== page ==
Looking Back to 2012: Quantum Computer Processor Capable of Factoring 15 into 3 and 5, 50% of the Time

Back in 2012, factoring 15 into 3 and 5 a mere half of the time correctly was considered a feat. Where quantum technology is today, it is apparent great strides have been made overall. From 2012, see below. Because Quantum is Coming. Qubit.

**Researchers make quantum processor capable of factoring a composite number into prime factors**

Key pointsâ€¦

+ “Fifteen is a small number, but what’s important is we’ve shown that we can run a version of Peter Shor’s prime factoring algorithm on a solid state quantum processor. This is really exciting and has never been done before,” said Erik Lucero, the paper’s lead author. Now a postdoctoral researcher in experimental quantum computing at IBM, Lucero was a doctoral student in physics at UCSB when the research was conducted and the paper was written.

*“After repeating the experiment 150,000 times, we showed that our quantum processor got the right answer just under half the time” Lucero said. “The best we can expect from Shor’s algorithm is to get the right answer exactly 50 percent of the time, so our results were essentially what we’d expect theoretically.”*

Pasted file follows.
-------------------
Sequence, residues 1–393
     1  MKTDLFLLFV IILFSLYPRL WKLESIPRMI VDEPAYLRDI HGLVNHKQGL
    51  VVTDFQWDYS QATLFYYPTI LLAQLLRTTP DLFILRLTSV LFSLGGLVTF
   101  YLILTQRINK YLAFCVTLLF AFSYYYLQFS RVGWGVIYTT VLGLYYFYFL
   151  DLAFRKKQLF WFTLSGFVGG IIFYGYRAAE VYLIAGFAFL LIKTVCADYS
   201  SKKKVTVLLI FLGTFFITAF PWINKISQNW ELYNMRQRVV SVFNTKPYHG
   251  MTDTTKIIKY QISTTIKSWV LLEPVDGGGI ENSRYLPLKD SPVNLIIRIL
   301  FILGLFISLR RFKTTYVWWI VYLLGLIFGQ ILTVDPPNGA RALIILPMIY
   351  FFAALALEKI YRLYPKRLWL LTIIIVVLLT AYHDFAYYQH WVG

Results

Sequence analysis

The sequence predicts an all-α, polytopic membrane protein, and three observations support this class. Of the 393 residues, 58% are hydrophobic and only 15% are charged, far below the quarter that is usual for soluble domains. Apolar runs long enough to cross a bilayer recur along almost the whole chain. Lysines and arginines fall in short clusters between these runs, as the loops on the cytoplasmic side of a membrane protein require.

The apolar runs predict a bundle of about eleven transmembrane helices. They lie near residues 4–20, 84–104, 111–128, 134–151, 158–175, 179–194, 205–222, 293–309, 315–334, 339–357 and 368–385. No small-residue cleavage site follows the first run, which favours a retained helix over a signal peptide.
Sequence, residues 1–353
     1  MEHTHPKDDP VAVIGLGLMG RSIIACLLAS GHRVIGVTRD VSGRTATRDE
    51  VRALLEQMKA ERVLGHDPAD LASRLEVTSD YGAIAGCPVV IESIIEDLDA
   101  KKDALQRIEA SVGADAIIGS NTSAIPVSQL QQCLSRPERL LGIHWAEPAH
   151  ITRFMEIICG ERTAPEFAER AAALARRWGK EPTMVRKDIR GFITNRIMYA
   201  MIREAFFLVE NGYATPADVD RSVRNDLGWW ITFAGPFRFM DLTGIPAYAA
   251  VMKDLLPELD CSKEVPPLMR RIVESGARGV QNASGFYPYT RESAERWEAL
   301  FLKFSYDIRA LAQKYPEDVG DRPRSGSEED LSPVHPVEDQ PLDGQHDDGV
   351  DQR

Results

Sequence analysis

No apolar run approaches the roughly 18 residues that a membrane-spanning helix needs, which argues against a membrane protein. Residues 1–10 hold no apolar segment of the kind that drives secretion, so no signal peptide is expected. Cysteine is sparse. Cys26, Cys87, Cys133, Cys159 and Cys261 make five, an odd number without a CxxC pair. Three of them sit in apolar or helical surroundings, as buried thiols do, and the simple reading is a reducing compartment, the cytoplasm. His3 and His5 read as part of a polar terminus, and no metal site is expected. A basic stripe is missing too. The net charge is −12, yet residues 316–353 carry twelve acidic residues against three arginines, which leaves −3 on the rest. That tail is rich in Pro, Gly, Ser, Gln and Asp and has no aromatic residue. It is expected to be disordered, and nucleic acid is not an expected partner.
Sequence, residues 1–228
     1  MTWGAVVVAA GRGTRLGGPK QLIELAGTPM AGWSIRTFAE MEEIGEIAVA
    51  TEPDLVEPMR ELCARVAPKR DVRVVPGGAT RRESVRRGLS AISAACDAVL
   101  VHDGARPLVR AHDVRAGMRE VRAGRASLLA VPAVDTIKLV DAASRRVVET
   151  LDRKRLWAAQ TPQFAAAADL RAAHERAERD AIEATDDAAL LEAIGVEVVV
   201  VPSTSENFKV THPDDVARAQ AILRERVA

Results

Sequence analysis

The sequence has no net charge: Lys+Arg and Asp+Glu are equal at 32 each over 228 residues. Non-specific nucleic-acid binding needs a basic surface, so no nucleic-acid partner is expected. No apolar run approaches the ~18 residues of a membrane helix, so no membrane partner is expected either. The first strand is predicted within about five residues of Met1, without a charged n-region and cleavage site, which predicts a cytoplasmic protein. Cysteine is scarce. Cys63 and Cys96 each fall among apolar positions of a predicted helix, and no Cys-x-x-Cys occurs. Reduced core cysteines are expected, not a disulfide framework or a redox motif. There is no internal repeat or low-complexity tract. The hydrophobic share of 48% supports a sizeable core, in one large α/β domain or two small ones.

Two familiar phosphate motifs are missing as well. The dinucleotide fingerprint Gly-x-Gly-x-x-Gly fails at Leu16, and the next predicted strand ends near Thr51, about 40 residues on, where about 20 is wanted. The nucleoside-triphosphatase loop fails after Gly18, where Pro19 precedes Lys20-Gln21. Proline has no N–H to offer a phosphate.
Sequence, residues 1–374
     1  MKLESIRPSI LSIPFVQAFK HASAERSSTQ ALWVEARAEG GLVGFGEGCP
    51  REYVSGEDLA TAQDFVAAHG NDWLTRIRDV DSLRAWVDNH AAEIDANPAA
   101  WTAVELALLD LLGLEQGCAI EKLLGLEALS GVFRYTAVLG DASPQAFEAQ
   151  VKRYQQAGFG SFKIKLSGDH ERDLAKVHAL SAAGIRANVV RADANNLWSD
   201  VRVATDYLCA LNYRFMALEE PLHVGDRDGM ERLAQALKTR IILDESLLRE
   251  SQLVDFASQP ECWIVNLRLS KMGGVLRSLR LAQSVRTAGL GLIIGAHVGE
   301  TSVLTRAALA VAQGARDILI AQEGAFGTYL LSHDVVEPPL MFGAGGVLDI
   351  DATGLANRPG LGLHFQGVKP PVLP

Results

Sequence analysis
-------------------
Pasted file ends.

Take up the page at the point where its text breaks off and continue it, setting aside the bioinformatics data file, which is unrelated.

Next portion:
+ Computing prime factors may sound like an elementary math problem, but try it with a large number, say one that contains more than 600 digits, and the task becomes enormously challenging and impossibly time-consuming. Now, a group of researchers at UC Santa Barbara has designed and fabricated a quantum processor capable of factoring a composite number — in this case the number 15 — into its constituent prime factors, 3 and 5.

+ Practical applications motivated the research, according to Lucero, who explained that factoring very large numbers is at the heart of cybersecurity protocols, such as the most common form of encoding, known as RSA encryption. “Anytime you send a secure transmission — like your credit card information — you are relying on security that is based on the fact that it’s really hard to find the prime factors of large numbers,” he said. Using a classical computer and the best-known classical algorithm, factoring something like RSA Laboratory’s largest published number — which contains over 600 decimal digits — would take longer than the age of the universe, he continued. A quantum computer could reduce this wait time to a few tens of minutes. “A quantum computer can solve this problem faster than a classical computer by about 15 orders of magnitude,” said Lucero. “This has widespread effect. A quantum computer will be a game changer in a lot of ways, and certainly with respect to computer security.”

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